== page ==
By James Christopher, President – Asia, TMX
The COVID-19 pandemic has triggered a dramatic ecommerce boom, altering the way companies do business.
It has also changed consumer buying experiences, shifting the retail landscape.
As retailers benefit from the significant increase in ecommerce orders – Southeast Asia saw more than 60% increase in gross merchandise value (GMV) to US$62 billion in just one year in 2020 – more needs to be done to ensure the sustainability of supply chains.
Increased growth of deliveries is driving up the use of last-mile delivery vehicles. The result is a rise in emissions from last-mile services, which are only set to increase by more than 30% in 100 cities globally. Unfortunately, as companies focus on getting goods to consumers quickly, inefficiencies mean that some of these vehicles are not running at capacity via indirect routes.
In today’s world where consumers are becoming increasingly environmentally and socially conscious, the transport and logistics sector needs to focus on operating sustainably. This is not just for corporate governance and operational savings, but to establish their social license to operate and become more environmentally conscious.
Concerns from consumers
Consumer focus on the environmental and social impact of the companies and businesses they buy from has been around for some time, but more people are becoming aware. Today, almost half of Southeast Asia consumers expect retailers to eliminate plastic bags and plastic wrapping for perishable items, while slightly over half expect businesses to be accountable for their environmental impact.
Meanwhile, research has found that companies that successfully match customers’ sustainability expectations are rewarded with customer loyalty and an increase in revenue growth. This means that businesses must have visibility in their supply chains to trace raw material inputs to last-mile delivery, further underscoring the need for sustainable supply chains.
Road to resilience
Those who have adapted their business and operating models, and created more agile supply chains to meet the boom in ecommerce, have found themselves ahead of the race during these unsettling times.
The role of technology in transport and logistics has evolved significantly over the past decade but never so quickly or dramatically as in response to COVID-19.
Many operators have taken up route optimisation to improve customer experience and reduce carbon footprint. Others have considered the type of fuel they use.
Ecommerce has put an immense pressure on last-mile logistics with customers placed as top priority. But what happens when customers don’t quite understand the difference between cheap and fast deliveries to sustainable supply chains?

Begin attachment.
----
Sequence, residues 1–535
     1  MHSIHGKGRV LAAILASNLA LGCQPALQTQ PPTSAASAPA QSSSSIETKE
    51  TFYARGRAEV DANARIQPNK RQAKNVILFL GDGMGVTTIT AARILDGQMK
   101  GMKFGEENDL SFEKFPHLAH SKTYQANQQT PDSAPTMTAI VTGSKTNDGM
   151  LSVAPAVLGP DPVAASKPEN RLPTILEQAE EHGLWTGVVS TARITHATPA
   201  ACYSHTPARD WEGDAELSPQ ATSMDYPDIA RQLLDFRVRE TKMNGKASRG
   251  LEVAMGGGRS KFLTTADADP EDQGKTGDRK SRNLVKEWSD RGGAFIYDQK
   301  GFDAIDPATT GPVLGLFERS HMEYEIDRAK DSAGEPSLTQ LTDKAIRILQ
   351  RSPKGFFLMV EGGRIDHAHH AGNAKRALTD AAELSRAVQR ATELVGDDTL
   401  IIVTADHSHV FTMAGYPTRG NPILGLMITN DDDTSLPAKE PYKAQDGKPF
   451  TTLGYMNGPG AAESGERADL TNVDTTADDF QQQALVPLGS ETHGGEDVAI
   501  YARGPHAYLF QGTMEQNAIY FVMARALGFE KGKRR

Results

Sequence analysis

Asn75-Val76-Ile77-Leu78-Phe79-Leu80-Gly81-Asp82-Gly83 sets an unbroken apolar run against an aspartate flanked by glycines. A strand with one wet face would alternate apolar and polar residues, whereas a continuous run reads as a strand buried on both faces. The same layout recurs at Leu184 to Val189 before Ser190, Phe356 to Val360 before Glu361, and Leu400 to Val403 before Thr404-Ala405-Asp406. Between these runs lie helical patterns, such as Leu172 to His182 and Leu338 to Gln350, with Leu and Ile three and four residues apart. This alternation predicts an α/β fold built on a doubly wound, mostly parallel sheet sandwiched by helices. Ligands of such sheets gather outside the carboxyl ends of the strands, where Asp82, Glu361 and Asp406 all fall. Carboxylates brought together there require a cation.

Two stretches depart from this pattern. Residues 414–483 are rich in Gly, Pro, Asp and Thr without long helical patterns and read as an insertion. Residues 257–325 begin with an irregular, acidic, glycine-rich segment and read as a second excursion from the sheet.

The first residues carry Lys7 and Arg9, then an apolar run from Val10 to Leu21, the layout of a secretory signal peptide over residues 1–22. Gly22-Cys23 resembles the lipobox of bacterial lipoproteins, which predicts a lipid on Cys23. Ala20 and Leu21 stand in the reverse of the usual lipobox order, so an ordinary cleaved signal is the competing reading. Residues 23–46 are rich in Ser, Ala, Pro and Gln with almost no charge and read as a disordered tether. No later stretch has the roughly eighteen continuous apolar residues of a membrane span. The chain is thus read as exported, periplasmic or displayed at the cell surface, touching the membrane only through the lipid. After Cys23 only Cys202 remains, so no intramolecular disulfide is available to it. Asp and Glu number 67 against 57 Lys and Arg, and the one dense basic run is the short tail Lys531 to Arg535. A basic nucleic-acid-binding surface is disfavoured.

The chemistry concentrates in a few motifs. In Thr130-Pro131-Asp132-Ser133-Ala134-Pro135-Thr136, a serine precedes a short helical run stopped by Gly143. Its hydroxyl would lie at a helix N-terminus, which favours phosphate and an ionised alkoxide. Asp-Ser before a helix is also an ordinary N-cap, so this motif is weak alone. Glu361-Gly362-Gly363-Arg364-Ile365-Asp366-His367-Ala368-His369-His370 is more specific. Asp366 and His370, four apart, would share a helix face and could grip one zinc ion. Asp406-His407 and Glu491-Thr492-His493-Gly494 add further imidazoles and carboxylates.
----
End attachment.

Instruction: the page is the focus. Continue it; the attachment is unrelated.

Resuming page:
As operators have raced to deliver order volumes over various online shopping festivals, the question remains whether cost to service is being covered. Those who can optimise their costs are more likely to reduce their carbon footprint.
But if you’re over servicing, which is what we’re seeing as a logistics and supply chain consultancy, then a levy such as road user charge or carbon charge, such as Singapore and Vietnam’s respective carbon tax and carbon pricing policy, might be necessary.
The big challenge
Senior supply chain executives face sustainability issues daily as they look to ensure the organisation’s activities are aligned to the expectation of shareholders, including internal and external stakeholders.
Having the capability and metrics in place to identify and communicate social, environmental, and economic achievements is paramount to embedding sustainability thinking within an organisation.
Supply chain strategies should enable businesses to exceed sustainability ambitions across logistics functions. At TMX, we have designed solutions that are practical and adaptable for different companies across Asia Pacific to meet environmental goals and targets in line with customer, shareholder and community values and expectations. Some organisations have also the added importance of complying with legislative requirements. Setting the right targets is crucial, including making emissions a critical key performance indicator for companies.
The new normal
As businesses have been forced to adopt new ways of working – from just surviving the pandemic to truly thriving – a learning curve might just become the springboard for sustainability.
It is unlikely that the explosion in online shopping and B2C is going away any time soon. Leading companies need to find ways to become more efficient and adapt to the new normal; whether it be understanding the cost to service or their logistics profile by expanding from a large warehouse into multiple smaller ones in order to deliver on time, like Amazon in the US has done.
Industrial occupiers across Southeast Asia have been incorporating sustainable practices in their facilities for a while now. Many have also been investing in solar panels and water recycling plants among other environmental-friendly initiatives in industrial property, which is ultimately reducing carbon emissions.
Tenants are also now seeking sites that are minimally Leadership in Energy and Environmental Design (LEED) Gold or Platinum standard certified or Green Mark Platinum rated, along with a requirement for LED lighting and efficient ventilation system. This demand is set to continue driving green initiatives in the industrial property market.
As the pandemic has pushed the industry ahead by around five years, turbocharging the growth of online retail, now’s the time to take charge of sustainable supply chains.
TMX is Asia-Pacific’s leading business transformation consultancy specialising in digital and supply chain solutions.